The last bite of pumpkin pie has been enjoyed and the mouth has been duly dabbed with a napkin. The cook looks around the kitchen table with a smug feeling of satisfaction, knowing that everyone has enjoyed their Thanksgiving Day feast. She knows that soon the men will meander into the den to watch the football game while the women will don aprons and begin the massive clean-up process.
Well, that little scenario might have happened before “Gray Thursday” came along and ripped the Thanksgiving Day holidays and rituals to shreds. Now, no one wants to linger long past the pumpkin pie as they scoot out the door saying “hate to eat and run but…” Unfortunately, the eat-and-run crowd isn’t just the bargain hunters anymore – it is the poor retail workers as well.
Well, if shopping for bargains is your shtick, then fine. Many shoppers were content to wait until the stores opened at the crack of dawn on the day after Thanksgiving. But now the former “Black Friday bargains” are now available right smack dab in the Thanksgiving Day dinner hour.
The concept of Black Friday came along gradually – it used to be that those in retail steeled themselves that Thanksgiving Day was the last day of rest for at least six weeks – that took into account the barrage of holiday shopping, and then came the returns and exchanges. Black Friday flourished for a good decade before someone thought “why not start Thanksgiving mid-p.m.?” Social media campaigns to boycott the open stores got a lot of “likes” and profound comments, but it appears that “Gray Thursday” is here to stay. Some stores don’t participate and release statements that they want their employees to enjoy the holiday with their family. But what if your store isn’t one of those that back off from this new “Gray Thursday” shopping tradition and you want to spend Thanksgiving Day with family. So you ask and find out that:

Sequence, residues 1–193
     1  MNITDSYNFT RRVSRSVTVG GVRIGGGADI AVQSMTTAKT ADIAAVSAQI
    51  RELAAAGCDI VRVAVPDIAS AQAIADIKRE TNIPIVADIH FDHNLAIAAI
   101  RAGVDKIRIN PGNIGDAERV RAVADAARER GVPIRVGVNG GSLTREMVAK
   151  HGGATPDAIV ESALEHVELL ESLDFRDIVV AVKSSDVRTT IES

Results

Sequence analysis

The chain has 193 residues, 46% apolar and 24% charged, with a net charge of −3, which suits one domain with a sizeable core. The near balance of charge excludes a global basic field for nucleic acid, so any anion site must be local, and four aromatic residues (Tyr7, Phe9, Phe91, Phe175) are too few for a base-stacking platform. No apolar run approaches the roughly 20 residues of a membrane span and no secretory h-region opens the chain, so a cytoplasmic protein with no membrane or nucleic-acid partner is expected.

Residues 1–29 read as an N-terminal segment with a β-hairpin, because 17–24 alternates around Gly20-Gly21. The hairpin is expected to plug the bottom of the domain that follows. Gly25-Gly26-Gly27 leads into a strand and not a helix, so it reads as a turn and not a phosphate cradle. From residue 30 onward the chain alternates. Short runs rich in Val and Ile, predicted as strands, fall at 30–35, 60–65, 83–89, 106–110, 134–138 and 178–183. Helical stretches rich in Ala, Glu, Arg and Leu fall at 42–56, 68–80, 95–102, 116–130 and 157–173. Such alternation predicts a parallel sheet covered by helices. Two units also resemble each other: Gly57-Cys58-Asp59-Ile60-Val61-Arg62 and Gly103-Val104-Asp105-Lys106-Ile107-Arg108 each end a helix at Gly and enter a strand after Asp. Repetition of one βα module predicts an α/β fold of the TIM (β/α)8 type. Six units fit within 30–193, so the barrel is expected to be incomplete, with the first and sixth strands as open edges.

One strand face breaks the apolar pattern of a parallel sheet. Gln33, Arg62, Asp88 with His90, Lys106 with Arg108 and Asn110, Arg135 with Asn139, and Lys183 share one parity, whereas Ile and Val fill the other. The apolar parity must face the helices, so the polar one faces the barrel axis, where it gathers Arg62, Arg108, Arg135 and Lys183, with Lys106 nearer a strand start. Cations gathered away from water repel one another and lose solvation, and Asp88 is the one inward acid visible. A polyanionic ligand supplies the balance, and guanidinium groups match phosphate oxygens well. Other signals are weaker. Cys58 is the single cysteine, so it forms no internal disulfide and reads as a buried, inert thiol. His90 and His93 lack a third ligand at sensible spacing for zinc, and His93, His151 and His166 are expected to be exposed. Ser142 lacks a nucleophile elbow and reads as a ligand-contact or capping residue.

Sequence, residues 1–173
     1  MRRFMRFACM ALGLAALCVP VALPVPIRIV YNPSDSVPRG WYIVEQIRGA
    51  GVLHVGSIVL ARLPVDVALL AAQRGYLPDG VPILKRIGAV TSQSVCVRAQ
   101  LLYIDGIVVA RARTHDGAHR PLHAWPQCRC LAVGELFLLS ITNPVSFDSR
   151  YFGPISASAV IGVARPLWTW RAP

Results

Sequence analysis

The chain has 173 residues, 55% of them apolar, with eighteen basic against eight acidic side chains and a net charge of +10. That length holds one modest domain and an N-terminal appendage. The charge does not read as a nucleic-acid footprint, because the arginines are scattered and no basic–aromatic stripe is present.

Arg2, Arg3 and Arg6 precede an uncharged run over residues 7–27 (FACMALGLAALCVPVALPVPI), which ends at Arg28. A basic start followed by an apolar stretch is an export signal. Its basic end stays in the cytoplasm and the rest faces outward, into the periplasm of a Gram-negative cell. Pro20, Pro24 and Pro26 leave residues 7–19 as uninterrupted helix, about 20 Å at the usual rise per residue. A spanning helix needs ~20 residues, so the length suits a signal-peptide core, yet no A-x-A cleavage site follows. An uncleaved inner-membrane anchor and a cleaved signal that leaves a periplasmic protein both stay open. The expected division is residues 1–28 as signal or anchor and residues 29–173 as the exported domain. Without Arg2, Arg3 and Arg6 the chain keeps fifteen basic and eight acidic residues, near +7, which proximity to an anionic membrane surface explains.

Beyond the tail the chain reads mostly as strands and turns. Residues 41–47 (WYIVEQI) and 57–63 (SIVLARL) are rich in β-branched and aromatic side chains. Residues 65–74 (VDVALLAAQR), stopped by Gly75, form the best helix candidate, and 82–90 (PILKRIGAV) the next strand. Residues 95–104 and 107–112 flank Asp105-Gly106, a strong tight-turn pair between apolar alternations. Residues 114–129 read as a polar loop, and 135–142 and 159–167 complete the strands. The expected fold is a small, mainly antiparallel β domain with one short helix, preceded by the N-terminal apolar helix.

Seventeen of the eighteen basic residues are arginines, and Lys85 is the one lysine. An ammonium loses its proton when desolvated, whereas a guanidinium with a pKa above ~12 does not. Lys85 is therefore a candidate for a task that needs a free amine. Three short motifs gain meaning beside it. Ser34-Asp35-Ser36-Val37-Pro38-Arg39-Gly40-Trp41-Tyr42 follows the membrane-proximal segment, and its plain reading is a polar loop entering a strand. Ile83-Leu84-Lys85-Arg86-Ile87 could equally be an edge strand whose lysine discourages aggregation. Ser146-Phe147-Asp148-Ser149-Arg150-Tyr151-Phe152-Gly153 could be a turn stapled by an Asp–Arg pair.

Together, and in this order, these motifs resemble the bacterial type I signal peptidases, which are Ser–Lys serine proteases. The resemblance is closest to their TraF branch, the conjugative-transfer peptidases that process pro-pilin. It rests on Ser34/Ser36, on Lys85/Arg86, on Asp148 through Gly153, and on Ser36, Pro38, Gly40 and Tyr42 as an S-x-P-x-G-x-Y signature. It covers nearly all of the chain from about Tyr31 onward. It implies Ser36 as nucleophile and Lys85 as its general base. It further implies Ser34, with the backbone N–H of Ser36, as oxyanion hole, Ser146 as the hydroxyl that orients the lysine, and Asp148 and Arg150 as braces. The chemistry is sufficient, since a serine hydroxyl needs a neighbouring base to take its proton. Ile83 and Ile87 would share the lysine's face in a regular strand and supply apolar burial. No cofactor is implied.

“Does my employer have to pay me overtime or double time for working on a holiday?
No. Overtime must be paid at a rate of time and one-half times the employee’s regular rate of pay for each hour actually worked in excess of forty hours in the workweek.” (Source: DOL-NJ.)
Some companies try to sweeten the pot by doubling workers’ pay for working on the holiday where others are paid at their regular rate and allowed to take a “comp day” later, but in most cases, employers rely on the Fair Labor Standards Act (“FLSA”), a law which governs wages and hours. The FLSA provides for the payment of a minimum wage per hour worked and requirements for payment of overtime at time and half. So, unfortunately, if you are a non-union worker, i.e. a collective bargaining agreement is not in place at your company, then your employer is not required to pay you extra pay for working on the holidays and may designate your working hours however it wants.
Because Thanksgiving Day does not fall under the criteria of a religious holiday, which we’ll discuss below, yes you can be fired for refusing to work on Thanksgiving or for declining to work overtime (unless you have a medical or disability limitation or are on an approved absence due to the Family Medical Leave Act (“FMLA”). So, in brief… retailer employers can demand that employees work on Thanksgiving without paying them extra if they don’t work over forty hours for the week. Well, if that burst your bubble, it was meant to – it might be legal, but it isn’t fair.
Obviously the employer cannot just pick and choose which employees should receive time off for holidays – religious or otherwise – there are actually laws that must be abided. In other words, “time off” for employees is not at the employer’s whim.